The jeep road seems to have a lot of foot traffic until the "devil's bridge" turn off, then we only saw a couple of buggies.
The trail is a steady gentle incline which I really didn't notice until the way back as it was a nice gentle decline.
There were plenty of river/creek/stream crossings (not sure which as it was dry when we went), so the hike would be totally different in a rainy period.
The paths are well maintained to a point and there were two shady single tent (two with a squeeze) camp spots in the canyon. The camp spots are up high so should be great in all weather.
We hiked to the very end of the trail but spent about a mile walking up the river Bush-whacking and tripping. In retrospect in glad we did, since we saw the awesome canyon from the river and got to touch the slot walls and walk around with butterflies. There were tadpoles and frogs, and deer tracks, but it was hard. lots of rock jumping and clambering. the river had large pools but if it was flowing we would have not been able to walk the path we took.
Our mistake was missing the trail right at the first view of the "slot-like" red rock when crossing the creek. Previous storm water must have washed away and cairns and a tree had fallen in such a way that it naturally guided us from the path up stream through the slot. we didn't get back on the path again fit about a mile when desperation littlest drove us up the embankment and we saw the trail. There were two parts where you have to cross by walking across a fallen tree, the first is a little unnerving but a solid bough, the second looks easy but is a rotten bough and it groaned underfoot.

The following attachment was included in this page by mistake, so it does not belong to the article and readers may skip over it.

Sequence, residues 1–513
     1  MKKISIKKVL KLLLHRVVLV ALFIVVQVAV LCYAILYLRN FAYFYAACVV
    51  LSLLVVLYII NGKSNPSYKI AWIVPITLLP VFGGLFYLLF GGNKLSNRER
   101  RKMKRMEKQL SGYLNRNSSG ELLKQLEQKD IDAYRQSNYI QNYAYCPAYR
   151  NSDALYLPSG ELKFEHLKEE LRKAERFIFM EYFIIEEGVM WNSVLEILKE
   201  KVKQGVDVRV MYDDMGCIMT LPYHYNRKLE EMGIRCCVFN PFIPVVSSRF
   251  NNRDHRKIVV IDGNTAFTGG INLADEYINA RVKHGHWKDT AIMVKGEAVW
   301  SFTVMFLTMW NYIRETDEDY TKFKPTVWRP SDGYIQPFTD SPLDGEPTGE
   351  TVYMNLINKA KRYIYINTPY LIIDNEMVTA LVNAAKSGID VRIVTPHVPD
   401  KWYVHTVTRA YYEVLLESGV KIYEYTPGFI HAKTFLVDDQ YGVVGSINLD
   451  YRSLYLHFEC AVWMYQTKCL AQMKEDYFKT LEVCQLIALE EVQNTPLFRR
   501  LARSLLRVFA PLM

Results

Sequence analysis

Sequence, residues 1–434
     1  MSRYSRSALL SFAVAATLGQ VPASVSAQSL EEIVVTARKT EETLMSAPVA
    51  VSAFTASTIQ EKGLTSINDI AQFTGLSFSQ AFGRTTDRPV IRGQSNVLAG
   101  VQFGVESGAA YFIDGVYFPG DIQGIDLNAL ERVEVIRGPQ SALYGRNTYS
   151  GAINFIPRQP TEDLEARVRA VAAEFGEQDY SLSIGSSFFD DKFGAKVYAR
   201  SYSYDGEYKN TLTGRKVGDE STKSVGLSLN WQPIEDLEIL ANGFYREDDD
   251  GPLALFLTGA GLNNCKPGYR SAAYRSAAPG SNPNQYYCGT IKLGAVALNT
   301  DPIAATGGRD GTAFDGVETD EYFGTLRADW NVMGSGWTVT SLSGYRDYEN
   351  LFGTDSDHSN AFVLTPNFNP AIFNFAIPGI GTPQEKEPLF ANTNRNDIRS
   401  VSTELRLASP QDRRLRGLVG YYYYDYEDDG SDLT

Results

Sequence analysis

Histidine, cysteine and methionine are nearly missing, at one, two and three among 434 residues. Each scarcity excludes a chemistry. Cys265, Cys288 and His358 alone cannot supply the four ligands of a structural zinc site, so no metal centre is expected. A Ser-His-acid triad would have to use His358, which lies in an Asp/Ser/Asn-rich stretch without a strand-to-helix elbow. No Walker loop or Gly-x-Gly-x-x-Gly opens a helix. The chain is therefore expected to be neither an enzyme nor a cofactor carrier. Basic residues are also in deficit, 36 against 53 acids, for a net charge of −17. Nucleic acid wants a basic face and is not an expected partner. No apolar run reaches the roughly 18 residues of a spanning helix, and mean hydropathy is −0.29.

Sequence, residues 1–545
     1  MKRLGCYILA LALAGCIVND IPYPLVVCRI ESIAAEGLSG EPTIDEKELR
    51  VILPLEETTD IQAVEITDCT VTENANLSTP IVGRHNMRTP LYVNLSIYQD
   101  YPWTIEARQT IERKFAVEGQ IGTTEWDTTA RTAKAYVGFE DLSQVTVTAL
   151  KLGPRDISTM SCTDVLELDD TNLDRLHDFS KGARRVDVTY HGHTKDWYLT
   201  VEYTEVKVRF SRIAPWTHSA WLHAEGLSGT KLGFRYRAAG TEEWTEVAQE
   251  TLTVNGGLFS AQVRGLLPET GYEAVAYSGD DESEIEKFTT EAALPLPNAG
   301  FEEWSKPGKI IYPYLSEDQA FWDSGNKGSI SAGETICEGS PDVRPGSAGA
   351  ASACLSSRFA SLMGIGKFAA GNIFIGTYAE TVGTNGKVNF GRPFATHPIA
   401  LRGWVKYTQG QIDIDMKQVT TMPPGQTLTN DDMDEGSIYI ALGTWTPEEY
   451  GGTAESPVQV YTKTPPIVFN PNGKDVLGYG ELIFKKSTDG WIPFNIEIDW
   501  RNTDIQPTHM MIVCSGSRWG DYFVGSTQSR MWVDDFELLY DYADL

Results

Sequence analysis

We lost the path one more time but found it pretty quickly. Fallen trees betrayed the proper way.
At the end of the path it seems like it keeps going, but we had already walked so far we ate a little and headed back, so it'd be fun to see where that went.
On the way back it was almost impossible to miss the path. We spent about 3 hours hiking up canyon and about 90 mins getting back to the David Miller trail. We built cairns where we had missed the trail up, but as I said before I'm glad we went upstream it was gorgeous and we benefited by having a totally different hike back.
My advice is that if you are frustrated at any point with the quality of the trail, you're not on the actually trail (except for the walking asking a fallen tree bough part).
Loved the hike, was very special.
Contrary to the trail description, this is not a loop hike. You can take Secret Canyon Trail to the Bill Miller Trail to Bear Sign Trail but, by doing so, you would miss all of Secret Canyon. It's a couple miles or so just to get to the mouth of the canyon and that's when the real scenic power kicks in. The walk up Secret is lovely--like West Fork without the people. I always set the window rock as a destination but the canyon walls rise and get more dramatic the farther you hike in. This canyon is especially lovely in the spring when the creek is flowing, in the fall when the leaves are changing and the winter after a snow.
You do need 4WD to get to the trailhead now.